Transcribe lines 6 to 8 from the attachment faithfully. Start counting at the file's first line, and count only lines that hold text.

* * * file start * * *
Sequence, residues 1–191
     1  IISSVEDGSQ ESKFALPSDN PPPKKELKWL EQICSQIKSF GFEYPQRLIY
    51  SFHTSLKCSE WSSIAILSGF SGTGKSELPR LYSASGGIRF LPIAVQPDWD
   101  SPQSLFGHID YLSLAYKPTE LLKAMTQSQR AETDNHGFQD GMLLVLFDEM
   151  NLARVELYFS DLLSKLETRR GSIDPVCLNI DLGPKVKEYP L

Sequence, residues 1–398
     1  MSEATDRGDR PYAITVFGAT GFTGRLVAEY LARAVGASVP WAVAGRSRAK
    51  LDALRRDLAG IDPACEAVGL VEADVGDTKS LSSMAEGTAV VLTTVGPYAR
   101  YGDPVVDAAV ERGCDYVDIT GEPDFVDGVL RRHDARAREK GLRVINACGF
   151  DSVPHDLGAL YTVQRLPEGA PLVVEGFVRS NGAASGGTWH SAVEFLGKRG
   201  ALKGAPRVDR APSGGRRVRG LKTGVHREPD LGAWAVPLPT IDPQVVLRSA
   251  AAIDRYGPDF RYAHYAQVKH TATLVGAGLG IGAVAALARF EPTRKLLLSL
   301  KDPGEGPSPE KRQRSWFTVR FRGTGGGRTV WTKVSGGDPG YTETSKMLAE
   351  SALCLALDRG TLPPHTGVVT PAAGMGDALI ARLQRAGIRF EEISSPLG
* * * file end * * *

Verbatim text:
Sequence, residues 1–398
     1  MSEATDRGDR PYAITVFGAT GFTGRLVAEY LARAVGASVP WAVAGRSRAK
    51  LDALRRDLAG IDPACEAVGL VEADVGDTKS LSSMAEGTAV VLTTVGPYAR